Many patients I tried to visit one morning were out of their rooms or sleeping. But finally, I came to a room where a patient was lying in bed. A woman I was to learn was his wife was sitting quietly close by. I stepped in and smiled as I told them briefly why I was there. The patient, Jack, looked cold and had the white hospital blanket pulled up to his chin. I told him I had handmade afghans on the Healing Cart made as gifts by the Hands for Healing Crafters in our community, and he was welcome to choose one.
He looked closely at the blankets and then at his wife. It was clear she was very emotional, and though I wondered why, I kept my focus on Jack. As he looked at her, he gently said,
“It should be the rainbow one, right, Honey?”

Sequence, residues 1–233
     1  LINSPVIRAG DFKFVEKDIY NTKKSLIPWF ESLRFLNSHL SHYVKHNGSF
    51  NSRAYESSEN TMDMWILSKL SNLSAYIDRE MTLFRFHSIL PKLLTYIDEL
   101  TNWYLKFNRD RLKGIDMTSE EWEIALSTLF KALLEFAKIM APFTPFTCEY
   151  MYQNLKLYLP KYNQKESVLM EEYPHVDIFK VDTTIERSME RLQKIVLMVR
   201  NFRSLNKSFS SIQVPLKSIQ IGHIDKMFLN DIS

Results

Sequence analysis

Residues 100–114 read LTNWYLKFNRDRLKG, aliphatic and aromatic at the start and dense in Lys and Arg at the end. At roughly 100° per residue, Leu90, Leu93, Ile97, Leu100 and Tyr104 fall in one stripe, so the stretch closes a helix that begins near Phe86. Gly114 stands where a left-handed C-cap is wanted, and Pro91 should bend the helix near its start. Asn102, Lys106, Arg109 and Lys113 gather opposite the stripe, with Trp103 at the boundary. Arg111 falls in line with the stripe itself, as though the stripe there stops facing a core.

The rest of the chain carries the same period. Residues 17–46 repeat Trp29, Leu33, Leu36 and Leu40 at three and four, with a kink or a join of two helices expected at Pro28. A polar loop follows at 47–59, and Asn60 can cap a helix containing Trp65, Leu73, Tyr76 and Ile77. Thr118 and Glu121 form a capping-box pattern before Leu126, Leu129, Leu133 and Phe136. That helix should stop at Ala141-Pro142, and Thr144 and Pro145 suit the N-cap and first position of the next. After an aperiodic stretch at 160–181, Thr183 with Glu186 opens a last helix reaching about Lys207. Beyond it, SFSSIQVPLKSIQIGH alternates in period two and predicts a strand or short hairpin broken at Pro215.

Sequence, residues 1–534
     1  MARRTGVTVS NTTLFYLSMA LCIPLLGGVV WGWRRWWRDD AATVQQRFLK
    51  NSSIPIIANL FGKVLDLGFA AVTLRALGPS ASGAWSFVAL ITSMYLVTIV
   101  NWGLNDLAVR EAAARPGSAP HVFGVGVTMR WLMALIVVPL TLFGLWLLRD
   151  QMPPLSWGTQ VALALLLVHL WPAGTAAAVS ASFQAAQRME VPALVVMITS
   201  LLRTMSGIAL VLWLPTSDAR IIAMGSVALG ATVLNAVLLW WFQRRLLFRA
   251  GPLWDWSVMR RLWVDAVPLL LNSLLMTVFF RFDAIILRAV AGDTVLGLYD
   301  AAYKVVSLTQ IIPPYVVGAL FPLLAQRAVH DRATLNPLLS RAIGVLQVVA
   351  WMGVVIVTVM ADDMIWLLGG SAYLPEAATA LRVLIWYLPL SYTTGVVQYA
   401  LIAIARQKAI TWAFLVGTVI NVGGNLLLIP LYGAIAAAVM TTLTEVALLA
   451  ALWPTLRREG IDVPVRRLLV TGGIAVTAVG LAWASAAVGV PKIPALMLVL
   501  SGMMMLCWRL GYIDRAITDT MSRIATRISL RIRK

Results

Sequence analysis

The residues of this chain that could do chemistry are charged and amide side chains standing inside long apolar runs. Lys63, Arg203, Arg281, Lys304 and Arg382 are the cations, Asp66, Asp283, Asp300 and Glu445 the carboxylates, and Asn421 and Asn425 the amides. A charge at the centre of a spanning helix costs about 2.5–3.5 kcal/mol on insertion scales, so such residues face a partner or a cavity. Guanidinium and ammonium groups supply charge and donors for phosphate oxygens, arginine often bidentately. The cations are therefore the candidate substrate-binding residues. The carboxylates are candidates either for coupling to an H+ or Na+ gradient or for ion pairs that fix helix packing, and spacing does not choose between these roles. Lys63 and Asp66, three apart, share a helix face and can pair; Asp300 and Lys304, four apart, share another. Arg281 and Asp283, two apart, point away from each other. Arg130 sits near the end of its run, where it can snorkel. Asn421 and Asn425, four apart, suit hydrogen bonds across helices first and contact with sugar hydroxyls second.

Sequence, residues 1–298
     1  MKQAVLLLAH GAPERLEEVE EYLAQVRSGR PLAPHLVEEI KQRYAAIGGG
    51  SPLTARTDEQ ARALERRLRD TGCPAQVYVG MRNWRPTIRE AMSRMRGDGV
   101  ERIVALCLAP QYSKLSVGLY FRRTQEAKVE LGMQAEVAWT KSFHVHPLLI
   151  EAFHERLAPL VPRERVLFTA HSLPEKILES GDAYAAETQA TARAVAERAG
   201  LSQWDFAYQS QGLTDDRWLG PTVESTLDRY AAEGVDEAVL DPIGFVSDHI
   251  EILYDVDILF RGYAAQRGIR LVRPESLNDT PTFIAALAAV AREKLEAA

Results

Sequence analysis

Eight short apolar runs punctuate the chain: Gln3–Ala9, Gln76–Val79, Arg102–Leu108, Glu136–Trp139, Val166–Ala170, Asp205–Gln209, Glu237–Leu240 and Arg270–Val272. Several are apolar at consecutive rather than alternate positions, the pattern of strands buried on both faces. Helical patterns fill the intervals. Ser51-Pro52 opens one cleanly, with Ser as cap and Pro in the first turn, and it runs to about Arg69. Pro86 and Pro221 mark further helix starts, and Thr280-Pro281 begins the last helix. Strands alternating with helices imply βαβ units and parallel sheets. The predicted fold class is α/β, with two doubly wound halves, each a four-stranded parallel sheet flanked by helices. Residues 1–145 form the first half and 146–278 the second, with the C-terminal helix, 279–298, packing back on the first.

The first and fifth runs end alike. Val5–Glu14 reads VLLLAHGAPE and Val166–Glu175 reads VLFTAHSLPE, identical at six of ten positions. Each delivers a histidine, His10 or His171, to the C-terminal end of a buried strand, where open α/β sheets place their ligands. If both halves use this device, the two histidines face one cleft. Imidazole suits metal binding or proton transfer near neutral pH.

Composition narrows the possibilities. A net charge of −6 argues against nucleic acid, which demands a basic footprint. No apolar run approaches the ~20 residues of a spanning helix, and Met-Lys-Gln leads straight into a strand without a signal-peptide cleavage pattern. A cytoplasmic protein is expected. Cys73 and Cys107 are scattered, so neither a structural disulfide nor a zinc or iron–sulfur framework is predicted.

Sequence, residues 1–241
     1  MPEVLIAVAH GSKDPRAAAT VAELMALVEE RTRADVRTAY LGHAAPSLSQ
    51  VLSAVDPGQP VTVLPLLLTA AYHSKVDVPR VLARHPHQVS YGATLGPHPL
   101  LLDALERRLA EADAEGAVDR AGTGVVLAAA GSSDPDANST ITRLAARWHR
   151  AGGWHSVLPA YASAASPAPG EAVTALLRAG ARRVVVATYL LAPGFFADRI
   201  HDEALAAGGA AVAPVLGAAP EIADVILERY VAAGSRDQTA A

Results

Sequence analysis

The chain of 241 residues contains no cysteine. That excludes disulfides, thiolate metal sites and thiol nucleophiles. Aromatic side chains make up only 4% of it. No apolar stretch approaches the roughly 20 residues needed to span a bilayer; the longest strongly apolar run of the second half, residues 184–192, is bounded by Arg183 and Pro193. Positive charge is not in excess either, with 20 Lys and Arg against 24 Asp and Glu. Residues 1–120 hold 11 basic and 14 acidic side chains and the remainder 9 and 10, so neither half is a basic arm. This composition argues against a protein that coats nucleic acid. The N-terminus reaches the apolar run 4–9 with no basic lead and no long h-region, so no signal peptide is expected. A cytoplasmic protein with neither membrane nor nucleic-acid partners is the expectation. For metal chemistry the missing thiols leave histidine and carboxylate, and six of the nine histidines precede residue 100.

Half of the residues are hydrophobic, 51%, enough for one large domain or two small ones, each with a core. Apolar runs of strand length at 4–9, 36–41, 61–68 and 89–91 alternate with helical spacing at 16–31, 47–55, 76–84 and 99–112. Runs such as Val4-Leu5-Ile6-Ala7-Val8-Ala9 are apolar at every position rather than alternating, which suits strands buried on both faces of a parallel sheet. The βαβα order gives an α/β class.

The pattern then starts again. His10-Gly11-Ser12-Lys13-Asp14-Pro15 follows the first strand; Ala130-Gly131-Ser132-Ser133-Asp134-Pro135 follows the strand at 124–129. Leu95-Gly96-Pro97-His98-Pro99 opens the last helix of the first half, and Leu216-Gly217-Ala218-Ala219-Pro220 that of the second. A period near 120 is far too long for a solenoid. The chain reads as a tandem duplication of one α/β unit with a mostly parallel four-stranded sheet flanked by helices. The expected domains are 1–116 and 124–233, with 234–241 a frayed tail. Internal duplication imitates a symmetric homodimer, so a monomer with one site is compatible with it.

She nodded, and I could see she was close to tears. I placed the tissue box within easy reach as she nodded her thanks. I asked them to share the significance of the rainbow.
Jack again looked at his sobbing wife and gently asked,
“Shall I tell it, Honey?”
She again nodded her assent. It seems his mother-in-law, Linda, had collected rainbows for many years. Friends and family loved to give her rainbows in every medium – ceramic, photos, calendars; she had collected hundreds of such images, which she displayed throughout her home. Linda had passed several years prior, but whenever any family member sees a rainbow, they say, “Hi, mom!” believing she is saying “Hi,” letting them know she’s ok and sending her love.
To any crafters reading this who might think they’re ‘just making’ an afghan, scarf, shawl, neck roll pillow, whatever, think again. You are creating a gift that is going to touch a life. You are doing important work.